Of roughly 10,458 people below age 65, the county had about 2,455 who didn’t have health insurance. That’s 23.5 percent.
The only counties topping it were Casey and Monroe.
Judge-Executive Daryl Greenfield noted that Todd has a fairly high number of people who are self-employed. Many don’t get health insurance from their companies and can’t afford to buy it independently, he said.
But on the other hand, a large share of the population commutes to Christian or Logan counties or to
for jobs, he said. So the self-employed workers don’t by themselves explain the
high rate. Clarksville, Tenn.
“I don’t know exactly why it’d be that much higher than other counties around,” he said.
The census bureau released these figures last week. They include estimates of health insurance coverage for every county in the
and users can get additional information on the breakdown by age and income
Kentucky’s 120 counties, Christian’s
uninsured rate ranked 97th. Out of roughly 61,557 people who were not senior
citizens, about 10,759 in this county lacked health insurance. This makes a
percentage of 17.5.
Trigg’s uninsured rate ranked 24th. Of 11,531 people, about 2,410 didn’t have insurance. That’s a percentage of 20.9.
These figures exclude senior citizens because they typically qualify for Medicare. However, the figures don’t distinguish between people who simply can’t afford insurance and those who choose not to buy it. Sometimes the distinction between those two groups gets blurry.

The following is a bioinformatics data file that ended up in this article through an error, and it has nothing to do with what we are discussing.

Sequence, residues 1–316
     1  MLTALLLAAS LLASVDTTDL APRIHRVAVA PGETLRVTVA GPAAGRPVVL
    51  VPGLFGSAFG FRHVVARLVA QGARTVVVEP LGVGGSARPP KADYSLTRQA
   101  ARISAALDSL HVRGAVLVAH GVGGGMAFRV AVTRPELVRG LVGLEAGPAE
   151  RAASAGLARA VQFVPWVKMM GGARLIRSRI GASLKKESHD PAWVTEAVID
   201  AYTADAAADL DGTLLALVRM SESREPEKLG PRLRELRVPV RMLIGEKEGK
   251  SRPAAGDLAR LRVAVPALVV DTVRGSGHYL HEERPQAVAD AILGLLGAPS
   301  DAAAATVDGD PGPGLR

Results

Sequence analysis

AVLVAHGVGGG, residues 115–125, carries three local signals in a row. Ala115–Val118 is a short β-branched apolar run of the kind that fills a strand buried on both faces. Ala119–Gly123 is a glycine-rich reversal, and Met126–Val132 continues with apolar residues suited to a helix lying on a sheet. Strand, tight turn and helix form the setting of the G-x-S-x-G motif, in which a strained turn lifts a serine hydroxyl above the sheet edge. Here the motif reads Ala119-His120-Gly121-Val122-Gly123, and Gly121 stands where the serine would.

In general, Todd’s unemployment rate didn’t stand out from other
counties during 2010. That year it averaged an unemployment rate of 10.6
percent, compared to 12 percent in Christian
County and 11.7 percent in . Trigg County
Counties whose economies depend on agriculture often have high uninsured rates, because so many farming jobs don’t come with employer-sponsored health plans. But the census bureau recorded fewer than 19 farming jobs in
in 2010. Todd
By contrast, 292 residents reported that they had manufacturing jobs in
and 226 said they worked in health care or “social assistance.” Todd County
The state government has a chance to expand the Medicaid program as part of the Affordable Care Act. The federal government would foot most — but not all — of the bill.
If it takes the expansion, roughly 1,170 poor
don’t have insurance would likely qualify for Medicaid. (This doesn’t account
for changes since 2010.) All of those uninsured people fall below 138 percent
of the federal poverty line. Todd
Another 1,083 people in Trigg and 5,190 in Christian would qualify, according to the census data.
The New Era could not reach Jen Harris, director of the Todd County Health Department, for comment.